The problem with the Lib Dems’ anti-Brexit strategy

The snap General Election called for June 2017 would appear to be a significant opportunity for the Liberal Democrats. In contrast with Labour’s mixed messages on Brexit, the Lib Dems are offering a much clearer stance on Brexit, positioning themselves as the party who will stop a hard Brexit and keep the UK in the single market. Could this year’s election provide an opportunity for the Lib Dems to become the party to speak for the 48% of the UK electorate who voted Remain in last year’s referendum?

The problem, as ever, for the Lib Dems is the UK’s First Past The Post electoral system. An ardently anti-Brexit campaign will target seats that both voted heavily against Brexit, and where the Lib Dems polled a respectable share of the vote following their near annihilation in 2015’s General Election. The problem is that there are few constituencies that meet this criteria.

The following chart illustrates the problem. This chart shows the vote for Brexit on the y-axis, the share of the vote received by the Liberal Democrats in 2015 on the x-axis, and the winning party for each seat. The target area of reasonably high Lib Dem support in 2015 and a large vote for Remain is highlighted in orange.

There are lean pickings to be had in this area, all but two (Winchester, and Oxford West & Abingdon) of which were won by the Lib Dems in 2010. Of the 14 seats that they do not currently hold, five were won by the SNP in 2015, four by the Conservatives and five by Labour.

The following chart shows the same data, except it shows the name of the seat (these are mostly impossible to read, but should be ok for the Lib Dem target seats that we are interested in).

None of these contests look like straightforward pickups for the Lib Dems. Gaining any of the Scottish seats back will be an uphill battle, given the poor state of the party in polls in Scotland at the minute. A surge in Tory support could make it difficult to unseat any incumbent Conservatives, and the Labour targets such as Bermondsey and Hornsey & Wood Green are urban London constituences which are more likely to be supportive of the current Labour leadership than many other Labour areas.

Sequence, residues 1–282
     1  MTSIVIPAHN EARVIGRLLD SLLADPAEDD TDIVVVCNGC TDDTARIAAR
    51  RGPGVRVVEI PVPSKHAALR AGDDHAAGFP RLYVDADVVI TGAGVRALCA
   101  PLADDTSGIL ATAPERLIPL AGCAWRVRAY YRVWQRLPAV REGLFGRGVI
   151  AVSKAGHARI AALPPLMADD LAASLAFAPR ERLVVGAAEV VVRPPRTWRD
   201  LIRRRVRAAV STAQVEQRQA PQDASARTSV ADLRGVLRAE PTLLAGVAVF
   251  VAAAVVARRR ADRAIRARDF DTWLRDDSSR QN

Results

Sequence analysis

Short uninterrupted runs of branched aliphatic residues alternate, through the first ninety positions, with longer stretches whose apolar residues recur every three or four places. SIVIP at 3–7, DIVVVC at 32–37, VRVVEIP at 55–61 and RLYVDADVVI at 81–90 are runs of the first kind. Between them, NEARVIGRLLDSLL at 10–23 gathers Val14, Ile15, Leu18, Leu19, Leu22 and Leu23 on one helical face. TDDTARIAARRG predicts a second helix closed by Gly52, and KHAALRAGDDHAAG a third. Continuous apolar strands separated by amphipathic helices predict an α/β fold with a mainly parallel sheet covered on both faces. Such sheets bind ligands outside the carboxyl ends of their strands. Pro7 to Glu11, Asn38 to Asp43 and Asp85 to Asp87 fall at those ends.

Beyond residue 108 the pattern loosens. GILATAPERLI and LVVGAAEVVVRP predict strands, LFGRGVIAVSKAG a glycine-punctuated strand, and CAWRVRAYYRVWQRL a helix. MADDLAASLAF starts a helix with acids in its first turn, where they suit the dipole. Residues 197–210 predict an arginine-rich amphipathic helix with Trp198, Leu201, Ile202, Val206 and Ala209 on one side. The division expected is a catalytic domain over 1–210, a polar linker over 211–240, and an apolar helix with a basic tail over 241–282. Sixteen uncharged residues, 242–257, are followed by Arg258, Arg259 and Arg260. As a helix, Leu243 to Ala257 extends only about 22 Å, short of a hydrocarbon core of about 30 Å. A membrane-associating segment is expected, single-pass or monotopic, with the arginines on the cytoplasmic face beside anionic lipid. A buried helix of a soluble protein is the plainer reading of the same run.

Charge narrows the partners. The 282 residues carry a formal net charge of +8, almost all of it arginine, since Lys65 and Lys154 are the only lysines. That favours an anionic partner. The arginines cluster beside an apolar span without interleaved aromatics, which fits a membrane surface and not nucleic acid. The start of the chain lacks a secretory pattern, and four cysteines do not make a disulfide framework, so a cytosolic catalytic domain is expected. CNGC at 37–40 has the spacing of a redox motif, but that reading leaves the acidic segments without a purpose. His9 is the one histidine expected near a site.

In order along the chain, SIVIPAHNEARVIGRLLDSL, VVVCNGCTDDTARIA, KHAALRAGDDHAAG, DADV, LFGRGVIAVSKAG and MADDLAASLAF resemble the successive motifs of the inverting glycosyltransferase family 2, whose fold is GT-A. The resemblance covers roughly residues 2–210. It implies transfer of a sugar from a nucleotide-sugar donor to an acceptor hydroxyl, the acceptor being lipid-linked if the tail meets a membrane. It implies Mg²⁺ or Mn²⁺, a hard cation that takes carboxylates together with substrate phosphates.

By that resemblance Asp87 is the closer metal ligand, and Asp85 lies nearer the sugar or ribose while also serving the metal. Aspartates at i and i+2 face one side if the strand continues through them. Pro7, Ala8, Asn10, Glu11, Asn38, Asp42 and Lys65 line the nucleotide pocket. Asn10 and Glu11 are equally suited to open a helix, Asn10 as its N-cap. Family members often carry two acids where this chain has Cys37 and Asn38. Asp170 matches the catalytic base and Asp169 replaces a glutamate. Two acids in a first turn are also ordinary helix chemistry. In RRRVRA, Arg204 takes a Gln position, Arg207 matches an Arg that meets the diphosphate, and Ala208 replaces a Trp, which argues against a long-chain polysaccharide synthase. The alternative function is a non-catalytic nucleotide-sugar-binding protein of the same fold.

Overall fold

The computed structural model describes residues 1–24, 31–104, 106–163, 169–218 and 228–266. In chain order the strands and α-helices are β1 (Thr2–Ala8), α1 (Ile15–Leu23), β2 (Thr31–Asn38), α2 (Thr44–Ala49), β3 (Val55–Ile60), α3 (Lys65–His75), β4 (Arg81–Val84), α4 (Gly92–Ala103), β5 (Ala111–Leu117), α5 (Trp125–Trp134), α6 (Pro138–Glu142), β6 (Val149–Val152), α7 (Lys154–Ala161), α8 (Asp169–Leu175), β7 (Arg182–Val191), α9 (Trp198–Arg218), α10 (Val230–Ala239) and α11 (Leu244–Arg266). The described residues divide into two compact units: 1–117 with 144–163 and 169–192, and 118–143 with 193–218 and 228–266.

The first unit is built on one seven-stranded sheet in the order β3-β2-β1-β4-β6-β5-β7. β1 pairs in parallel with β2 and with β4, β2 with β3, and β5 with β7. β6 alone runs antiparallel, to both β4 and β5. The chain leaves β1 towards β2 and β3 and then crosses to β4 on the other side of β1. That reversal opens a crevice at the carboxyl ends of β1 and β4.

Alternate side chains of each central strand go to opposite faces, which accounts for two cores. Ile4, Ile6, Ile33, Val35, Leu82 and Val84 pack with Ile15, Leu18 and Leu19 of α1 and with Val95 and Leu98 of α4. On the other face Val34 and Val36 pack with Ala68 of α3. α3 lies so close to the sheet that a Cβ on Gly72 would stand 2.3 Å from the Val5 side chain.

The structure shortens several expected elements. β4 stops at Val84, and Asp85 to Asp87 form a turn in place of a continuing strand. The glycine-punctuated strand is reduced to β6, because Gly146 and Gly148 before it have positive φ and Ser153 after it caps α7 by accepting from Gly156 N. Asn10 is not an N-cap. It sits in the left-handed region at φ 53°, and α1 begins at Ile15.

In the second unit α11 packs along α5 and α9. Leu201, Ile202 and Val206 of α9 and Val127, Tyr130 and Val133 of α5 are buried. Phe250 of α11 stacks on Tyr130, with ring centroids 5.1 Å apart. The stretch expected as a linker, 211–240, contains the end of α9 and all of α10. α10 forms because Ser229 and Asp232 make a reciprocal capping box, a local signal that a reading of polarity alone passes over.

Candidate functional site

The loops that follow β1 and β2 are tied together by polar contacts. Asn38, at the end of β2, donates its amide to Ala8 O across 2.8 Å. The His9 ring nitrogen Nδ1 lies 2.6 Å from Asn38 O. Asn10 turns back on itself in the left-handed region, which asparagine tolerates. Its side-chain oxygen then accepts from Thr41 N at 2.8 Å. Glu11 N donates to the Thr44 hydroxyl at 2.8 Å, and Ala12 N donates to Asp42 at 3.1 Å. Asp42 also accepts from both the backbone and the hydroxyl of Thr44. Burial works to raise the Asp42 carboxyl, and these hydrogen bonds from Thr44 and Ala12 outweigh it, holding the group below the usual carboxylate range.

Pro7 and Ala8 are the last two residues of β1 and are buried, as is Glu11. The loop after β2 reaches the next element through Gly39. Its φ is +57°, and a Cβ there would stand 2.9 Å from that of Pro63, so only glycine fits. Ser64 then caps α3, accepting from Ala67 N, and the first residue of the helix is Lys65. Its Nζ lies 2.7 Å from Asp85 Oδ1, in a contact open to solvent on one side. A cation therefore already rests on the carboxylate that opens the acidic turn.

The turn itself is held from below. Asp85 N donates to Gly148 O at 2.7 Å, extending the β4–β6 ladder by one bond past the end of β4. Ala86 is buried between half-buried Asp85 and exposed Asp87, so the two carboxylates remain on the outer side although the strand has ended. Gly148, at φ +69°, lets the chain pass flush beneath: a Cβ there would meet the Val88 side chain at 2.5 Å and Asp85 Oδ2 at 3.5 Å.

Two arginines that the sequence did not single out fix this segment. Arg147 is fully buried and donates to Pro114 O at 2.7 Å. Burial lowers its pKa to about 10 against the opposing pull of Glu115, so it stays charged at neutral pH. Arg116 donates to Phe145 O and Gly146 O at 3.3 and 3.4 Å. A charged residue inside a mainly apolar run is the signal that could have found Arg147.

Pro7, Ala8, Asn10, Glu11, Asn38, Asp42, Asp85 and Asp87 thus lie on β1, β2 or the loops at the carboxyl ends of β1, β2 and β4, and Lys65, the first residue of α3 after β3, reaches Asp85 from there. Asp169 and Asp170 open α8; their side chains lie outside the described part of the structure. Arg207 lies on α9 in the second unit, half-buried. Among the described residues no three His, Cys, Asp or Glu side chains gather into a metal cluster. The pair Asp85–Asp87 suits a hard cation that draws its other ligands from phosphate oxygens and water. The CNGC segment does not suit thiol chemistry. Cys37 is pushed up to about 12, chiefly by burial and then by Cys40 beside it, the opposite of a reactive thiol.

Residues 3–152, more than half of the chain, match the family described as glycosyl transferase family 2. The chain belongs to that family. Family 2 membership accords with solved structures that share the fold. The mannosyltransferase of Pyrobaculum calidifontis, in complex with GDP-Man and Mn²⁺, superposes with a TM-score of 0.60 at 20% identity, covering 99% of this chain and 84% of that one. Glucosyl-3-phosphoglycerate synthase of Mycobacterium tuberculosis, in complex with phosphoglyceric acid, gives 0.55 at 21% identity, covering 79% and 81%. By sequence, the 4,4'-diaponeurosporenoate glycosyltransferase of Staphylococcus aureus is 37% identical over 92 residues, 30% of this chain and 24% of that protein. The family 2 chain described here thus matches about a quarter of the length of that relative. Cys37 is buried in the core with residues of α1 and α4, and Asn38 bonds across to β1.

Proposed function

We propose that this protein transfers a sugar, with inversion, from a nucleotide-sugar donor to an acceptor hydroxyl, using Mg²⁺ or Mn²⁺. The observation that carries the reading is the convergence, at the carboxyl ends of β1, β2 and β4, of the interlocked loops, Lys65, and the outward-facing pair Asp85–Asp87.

Just outside the orange box is Richmond Park, which the Lib Dems won in a by-election in December 2016. However it can be seen from the chart that this is a fairly idiosyncratic constituency in terms of both its support for the Lib Dems in 2015 and its strong pro-Remain vote. The only comparable seat is the currently Labour-held Bristol West, where the Liberal Democrats received 18.8% of the vote in 2015, coming third behind the Greens, who view this as one of the best opportunities to increase their representation in the Commons from the one MP that they currently have.

The chart below shows the same data as the other charts, except that the constituencies are coloured by the winner in 2010.

Many of the seats that the Liberal Democrats lost in 2015 were in areas that subsequently voted to leave in 2016. It will prove challenging in such areas to retake these, especially given that the majority of these seats fell to the Tories, whose support in the opinion polls are at highs not seen since the early 90s.

The Liberal Democrats may well regain some of their lost support in this election by casting themselves as the anti-Brexit party, but converting this potential increase in support to seats is very difficult under First Past The Post.

That said, the Liberal Democrats are unlikely to see their support fall from their disastrous result in 2015, and even where they don’t win they may be able to build support and position themselves for gains in future electoral cycles.

The Labour Party, on the other hand, could find themselves facing a disaster of historic proportions.

Data Souces:
EU Referendum data: House of Commons Library blog
General Election 2010 & 2015 results: Electoral Commission